Universities call for post-study work visa election pledges
Scottish Universities’ staff and students call for Brexit student commitments
Edinburgh University - credit dun_deagh
Scottish universities have called for political parties to match their support for the return of a post-study work visa by including it in their general election manifestos.
The principals have been joined by staff and student unions in calling for the commitment in a new Manifesto for the Mobility of Talent document.
All five main parties in Scotland have already voiced support for giving international students the opportunity to stay and work in Scotland for a few years after they graduate, but the UK Government has not committed to the idea amid negotiating the process of leaving the European Union.
The scheme was abolished by Theresa May in 2012 when she was home secretary. Current home secretary Amber Rudd has sent mixed messages over the policy after proposing tougher rules on foreign workers to stop immigrants coming to the UK “taking jobs British people could do”.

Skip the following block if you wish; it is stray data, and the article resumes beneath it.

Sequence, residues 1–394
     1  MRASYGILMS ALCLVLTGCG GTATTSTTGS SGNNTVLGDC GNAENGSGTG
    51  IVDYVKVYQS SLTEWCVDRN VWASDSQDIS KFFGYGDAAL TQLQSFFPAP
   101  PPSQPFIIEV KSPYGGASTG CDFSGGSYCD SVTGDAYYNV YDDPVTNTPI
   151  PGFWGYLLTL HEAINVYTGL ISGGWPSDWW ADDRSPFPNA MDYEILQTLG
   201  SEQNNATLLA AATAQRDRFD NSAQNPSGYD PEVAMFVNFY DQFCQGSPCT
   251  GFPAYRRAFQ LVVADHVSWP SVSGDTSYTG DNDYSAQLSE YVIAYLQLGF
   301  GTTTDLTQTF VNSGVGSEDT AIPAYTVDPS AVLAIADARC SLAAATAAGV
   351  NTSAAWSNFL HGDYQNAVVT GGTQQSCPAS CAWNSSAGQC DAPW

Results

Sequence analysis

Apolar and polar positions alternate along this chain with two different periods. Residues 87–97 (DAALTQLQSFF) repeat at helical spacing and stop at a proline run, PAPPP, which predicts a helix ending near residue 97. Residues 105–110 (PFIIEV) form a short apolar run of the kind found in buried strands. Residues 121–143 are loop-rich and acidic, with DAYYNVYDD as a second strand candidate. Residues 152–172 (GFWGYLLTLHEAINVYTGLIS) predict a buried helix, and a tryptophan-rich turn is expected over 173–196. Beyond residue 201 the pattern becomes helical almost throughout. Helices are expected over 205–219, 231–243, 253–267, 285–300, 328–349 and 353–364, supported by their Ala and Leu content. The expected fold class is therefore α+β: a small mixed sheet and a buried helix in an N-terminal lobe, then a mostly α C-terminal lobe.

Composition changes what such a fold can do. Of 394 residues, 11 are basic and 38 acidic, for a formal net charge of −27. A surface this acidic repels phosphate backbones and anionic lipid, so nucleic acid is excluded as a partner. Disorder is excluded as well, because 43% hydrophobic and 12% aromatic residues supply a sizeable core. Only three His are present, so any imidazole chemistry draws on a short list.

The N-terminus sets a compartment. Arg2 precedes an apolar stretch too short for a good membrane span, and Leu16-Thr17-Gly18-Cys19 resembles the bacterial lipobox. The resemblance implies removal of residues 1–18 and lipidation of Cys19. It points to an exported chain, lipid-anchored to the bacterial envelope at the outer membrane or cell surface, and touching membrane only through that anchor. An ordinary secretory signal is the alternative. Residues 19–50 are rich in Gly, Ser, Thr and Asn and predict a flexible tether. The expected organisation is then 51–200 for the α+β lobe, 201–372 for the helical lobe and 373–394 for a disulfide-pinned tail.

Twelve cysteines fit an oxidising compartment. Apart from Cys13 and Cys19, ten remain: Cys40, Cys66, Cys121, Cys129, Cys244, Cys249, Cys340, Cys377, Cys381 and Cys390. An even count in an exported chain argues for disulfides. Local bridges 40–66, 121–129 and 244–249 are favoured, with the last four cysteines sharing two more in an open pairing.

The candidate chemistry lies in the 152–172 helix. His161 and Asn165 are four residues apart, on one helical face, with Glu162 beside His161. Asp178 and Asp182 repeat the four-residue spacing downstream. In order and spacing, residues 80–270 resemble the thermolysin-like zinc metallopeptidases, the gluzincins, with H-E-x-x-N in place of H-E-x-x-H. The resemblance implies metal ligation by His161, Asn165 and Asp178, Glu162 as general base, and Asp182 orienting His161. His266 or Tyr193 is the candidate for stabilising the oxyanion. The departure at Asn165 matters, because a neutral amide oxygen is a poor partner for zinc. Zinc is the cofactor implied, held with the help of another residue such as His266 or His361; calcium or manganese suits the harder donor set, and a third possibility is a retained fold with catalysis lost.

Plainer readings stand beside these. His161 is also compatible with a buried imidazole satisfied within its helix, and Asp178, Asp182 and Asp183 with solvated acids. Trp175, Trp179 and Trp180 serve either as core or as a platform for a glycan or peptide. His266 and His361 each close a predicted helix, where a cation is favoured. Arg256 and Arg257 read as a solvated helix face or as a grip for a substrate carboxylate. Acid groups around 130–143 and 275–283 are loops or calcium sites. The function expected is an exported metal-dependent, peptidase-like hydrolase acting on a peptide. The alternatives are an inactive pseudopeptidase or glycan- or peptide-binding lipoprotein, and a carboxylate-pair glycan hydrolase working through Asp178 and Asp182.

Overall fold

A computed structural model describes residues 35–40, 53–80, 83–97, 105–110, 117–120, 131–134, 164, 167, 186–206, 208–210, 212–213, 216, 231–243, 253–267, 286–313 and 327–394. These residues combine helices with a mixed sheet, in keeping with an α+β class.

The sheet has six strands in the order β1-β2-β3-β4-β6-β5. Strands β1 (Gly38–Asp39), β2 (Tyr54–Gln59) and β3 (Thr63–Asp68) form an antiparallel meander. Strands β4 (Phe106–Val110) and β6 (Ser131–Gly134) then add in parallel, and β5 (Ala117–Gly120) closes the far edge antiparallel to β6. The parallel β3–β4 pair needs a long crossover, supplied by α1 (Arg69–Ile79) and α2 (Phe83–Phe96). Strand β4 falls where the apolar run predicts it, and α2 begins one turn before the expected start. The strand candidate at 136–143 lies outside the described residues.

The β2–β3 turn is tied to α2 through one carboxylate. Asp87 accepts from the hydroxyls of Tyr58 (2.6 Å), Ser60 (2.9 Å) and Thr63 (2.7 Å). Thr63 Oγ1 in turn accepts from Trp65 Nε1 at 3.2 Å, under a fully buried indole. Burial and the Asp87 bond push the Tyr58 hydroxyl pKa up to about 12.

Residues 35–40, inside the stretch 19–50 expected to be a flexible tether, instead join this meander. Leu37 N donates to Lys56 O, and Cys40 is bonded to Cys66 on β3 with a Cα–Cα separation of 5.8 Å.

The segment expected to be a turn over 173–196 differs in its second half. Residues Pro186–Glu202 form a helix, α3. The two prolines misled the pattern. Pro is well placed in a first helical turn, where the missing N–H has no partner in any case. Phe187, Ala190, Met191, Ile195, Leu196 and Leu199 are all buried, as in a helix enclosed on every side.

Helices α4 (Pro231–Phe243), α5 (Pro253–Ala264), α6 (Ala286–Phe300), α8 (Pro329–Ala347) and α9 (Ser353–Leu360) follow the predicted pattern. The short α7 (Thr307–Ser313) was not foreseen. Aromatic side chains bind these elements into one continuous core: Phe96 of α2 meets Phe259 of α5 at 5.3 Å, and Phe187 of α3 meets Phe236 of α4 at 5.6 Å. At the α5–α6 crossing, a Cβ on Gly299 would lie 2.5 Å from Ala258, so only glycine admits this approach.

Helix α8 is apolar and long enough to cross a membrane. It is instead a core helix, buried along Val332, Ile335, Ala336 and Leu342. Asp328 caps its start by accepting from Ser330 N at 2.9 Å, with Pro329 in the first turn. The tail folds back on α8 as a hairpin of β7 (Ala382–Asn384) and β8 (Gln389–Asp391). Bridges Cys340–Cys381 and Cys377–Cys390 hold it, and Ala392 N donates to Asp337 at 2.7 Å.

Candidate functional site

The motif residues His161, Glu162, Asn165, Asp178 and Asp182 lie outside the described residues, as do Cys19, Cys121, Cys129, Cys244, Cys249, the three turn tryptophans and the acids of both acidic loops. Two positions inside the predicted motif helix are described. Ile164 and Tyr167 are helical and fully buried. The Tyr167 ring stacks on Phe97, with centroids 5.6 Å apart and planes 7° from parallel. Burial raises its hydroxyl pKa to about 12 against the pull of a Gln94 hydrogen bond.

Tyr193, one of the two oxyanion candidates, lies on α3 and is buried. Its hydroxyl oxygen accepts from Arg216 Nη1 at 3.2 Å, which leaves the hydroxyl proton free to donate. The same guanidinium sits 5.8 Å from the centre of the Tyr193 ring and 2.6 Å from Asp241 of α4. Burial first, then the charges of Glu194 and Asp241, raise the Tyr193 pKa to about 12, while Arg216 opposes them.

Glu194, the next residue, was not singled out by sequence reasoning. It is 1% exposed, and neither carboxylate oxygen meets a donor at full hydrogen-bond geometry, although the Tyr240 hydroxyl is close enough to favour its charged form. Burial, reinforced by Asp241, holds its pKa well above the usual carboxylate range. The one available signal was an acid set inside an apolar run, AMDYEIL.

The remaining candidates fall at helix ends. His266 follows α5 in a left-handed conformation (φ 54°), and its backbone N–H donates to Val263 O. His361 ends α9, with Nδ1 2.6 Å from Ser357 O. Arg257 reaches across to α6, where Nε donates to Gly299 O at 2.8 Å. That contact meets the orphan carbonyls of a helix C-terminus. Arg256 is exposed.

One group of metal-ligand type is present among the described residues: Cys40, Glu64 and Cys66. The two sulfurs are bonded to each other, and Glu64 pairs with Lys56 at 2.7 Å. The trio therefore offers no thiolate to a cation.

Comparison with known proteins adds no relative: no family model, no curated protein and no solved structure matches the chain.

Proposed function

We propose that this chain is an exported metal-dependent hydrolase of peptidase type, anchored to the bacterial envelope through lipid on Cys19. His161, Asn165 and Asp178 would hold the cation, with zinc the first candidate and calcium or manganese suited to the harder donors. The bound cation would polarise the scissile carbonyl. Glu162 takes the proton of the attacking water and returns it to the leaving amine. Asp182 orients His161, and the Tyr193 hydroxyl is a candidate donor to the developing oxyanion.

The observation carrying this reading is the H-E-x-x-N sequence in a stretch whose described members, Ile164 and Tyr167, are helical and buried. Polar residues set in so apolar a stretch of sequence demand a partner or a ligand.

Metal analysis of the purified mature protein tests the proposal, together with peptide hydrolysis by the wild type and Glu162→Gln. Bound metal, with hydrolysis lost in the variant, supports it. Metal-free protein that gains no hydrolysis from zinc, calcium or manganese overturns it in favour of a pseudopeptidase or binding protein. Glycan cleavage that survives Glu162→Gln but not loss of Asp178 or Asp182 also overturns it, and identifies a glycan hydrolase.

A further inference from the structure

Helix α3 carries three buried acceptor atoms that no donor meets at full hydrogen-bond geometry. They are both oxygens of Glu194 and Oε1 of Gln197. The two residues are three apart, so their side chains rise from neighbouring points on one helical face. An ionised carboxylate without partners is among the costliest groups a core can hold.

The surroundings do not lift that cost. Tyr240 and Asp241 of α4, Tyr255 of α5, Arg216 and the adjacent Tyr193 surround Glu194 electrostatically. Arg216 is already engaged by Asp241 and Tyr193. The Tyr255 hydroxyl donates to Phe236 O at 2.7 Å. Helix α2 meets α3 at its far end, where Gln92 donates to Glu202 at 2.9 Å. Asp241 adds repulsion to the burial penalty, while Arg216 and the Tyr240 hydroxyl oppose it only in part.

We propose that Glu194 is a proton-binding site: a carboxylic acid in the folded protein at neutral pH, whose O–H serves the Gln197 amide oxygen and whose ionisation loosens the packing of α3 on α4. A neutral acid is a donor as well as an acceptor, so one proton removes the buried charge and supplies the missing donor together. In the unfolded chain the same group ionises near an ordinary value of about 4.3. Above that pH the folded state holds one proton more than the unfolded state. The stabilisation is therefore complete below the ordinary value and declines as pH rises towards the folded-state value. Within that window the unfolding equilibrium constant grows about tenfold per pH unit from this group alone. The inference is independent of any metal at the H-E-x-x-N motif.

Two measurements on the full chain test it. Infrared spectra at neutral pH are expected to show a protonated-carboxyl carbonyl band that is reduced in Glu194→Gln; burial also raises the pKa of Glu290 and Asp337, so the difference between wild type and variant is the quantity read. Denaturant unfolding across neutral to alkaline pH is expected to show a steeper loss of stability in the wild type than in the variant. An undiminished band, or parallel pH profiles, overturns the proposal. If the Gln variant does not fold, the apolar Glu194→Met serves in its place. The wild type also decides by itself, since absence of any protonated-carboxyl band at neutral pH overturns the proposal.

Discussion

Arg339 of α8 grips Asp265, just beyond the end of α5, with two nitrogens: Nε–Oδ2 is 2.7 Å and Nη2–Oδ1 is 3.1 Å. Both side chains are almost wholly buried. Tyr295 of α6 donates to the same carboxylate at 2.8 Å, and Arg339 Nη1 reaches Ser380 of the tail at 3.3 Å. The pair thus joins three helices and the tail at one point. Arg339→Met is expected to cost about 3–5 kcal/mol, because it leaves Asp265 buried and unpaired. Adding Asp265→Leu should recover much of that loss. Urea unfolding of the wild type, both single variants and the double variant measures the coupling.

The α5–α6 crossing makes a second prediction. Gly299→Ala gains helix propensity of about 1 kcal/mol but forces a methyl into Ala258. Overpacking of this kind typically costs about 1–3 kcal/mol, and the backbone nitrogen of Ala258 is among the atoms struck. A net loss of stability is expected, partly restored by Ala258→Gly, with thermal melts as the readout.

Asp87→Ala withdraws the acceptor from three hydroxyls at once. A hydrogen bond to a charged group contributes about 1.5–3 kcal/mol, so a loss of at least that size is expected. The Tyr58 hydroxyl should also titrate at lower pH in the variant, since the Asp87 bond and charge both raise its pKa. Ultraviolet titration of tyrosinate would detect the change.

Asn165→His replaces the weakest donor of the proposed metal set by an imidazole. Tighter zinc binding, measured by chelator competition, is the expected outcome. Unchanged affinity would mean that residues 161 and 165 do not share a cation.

Her speech at Conservative conference last year was reported to West Midlands police as a ‘hate incident’.
However in Scotland all parties support the post-study visa.
The joint Manifesto for the Mobility of Talent also calls on politicians to guarantee the status of existing EU and EEA staff and the continuation of the Erasmus+ student exchange programme post-Brexit.
Alastair Sim, Director of Universities Scotland, said: “The next UK Government is going to have to take a new approach to immigration as it moves on with Brexit.
“This election gives politicians in Scotland a chance to send a strong and united message to the next Government, backed by the electorate, that Scotland wants an immigration policy that works for us.”
NUS Scotland President Vonnie Sandlan said: “The economic uncertainty of Brexit threatens to have a negative impact on young people’s futures.
“In this election politicians must be reminded it is their duty to ensure that students and young people have access to the opportunities and experiences that will enable them to reach their full potential in life.”
Mary Senior, Scotland Official, University and College Union said: “To avoid a brain drain of international talent we need to send a strong message that staff and students from around the world are welcome in Scotland.”
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